Robert Ellis at Cactus Music, 3/11/2014
Something will always be all too familiar any time Robert Ellis takes a Houston stage. Even if he's just passing through, which is the case these days after his relocation to Nashville, his performances here will always be in front of a hometown crowd. He served as our budding scene's backbone for so many years, and now that he's gone a void has yet to be filled.
Ellis has, and has always had, that certain star power you only find in the best. People swarm to him. His talent reaches far beyond a microphone and a set of strings, which our city as a whole didn't necessarily realize, and somewhat took for granted. We didn't know what we were missing until it was gone, but now that Ellis doesn't call Houston home, we cherish those moments he shares with us that much more.
Fresh off the release of his junior LP, The Lights From The Chemical Plant, Ellis stopped in town Tuesday evening for a one-off performance at Cactus Music. With a string of big-name gigs during this week's SXSW music festival in Austin, he and his band gave Houston a nice little taste of what they'll be treating the hordes of music lovers at the music/media mega-event.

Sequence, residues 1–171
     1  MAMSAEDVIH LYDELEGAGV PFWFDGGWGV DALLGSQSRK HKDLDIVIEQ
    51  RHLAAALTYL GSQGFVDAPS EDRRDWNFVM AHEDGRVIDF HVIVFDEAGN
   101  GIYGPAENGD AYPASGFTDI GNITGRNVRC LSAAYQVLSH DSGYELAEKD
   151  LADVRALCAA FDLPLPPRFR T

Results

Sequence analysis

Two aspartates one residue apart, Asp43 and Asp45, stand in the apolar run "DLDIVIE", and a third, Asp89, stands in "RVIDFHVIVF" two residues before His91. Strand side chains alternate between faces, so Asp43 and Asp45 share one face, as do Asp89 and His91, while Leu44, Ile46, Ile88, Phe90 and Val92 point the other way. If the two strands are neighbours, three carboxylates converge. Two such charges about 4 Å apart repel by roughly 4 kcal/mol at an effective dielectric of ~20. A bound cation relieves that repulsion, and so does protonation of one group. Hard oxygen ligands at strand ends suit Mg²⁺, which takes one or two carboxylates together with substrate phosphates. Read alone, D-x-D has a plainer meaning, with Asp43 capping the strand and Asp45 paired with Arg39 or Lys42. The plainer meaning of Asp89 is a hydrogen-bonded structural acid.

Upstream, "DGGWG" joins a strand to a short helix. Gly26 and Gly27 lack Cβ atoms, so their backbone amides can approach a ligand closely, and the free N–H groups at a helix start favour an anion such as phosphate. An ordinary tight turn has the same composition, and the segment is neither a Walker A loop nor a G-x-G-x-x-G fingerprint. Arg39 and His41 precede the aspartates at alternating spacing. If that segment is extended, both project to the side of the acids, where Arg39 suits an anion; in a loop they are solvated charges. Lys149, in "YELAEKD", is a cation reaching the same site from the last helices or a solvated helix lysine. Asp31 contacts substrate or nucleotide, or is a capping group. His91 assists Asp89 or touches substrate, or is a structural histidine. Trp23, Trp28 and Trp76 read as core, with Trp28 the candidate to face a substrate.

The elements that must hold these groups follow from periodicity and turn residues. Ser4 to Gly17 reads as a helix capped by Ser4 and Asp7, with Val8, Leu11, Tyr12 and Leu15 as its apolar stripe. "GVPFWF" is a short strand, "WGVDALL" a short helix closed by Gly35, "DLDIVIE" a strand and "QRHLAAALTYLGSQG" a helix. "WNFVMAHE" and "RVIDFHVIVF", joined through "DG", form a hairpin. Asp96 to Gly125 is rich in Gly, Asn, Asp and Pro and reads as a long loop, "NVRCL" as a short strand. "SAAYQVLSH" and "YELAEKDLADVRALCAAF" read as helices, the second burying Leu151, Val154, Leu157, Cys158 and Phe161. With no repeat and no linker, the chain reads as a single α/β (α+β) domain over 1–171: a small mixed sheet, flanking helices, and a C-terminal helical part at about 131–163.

Gone are the days of Whiskey Wednesday, where it was a rare treat to hear an Ellis original. Now it's rare to hear a cover at all. Still, it was by far his best career move to hang up the country classics and give the world the stories that the still-young songwriter had swirling around his Lone Star- and bourbon-fueled head.
Chemical Plant isn't too far of a step away from his last album, Photographs, but it is a more polished version of what we've grown to love from Ellis and his Boys. He's grown up and has much more to say, and he says it well.
Will Van Horn and Cactus GM Quinn Bishop (left)
Whether it's his grapple with the idea of leaving his hometown in the slow burner "Houston" or the similarly themed title track, "Chemical Plant," his material has matured as much as his showmanship, and the combination of the two is that killer combination that should see his easy rise to the top.
"We were told we could play anywhere between three songs and however many we want so we're gonna play for a while," quipped Ellis after a roaring take on his own "Good Intentions." Arriving from Alabama earlier in the day, their stop in Houston was only a brief one as they hit the road to Austin soon after stepping off the Cactus stage.
If I drove for hours on hours, the last thing I would want to do is perform for a packed record store. Ellis didn't even bat an eyelash, and not only did he want to play, but he wanted to continue to play until Cactus' hours of operation made him stop.
Review continues on the next page.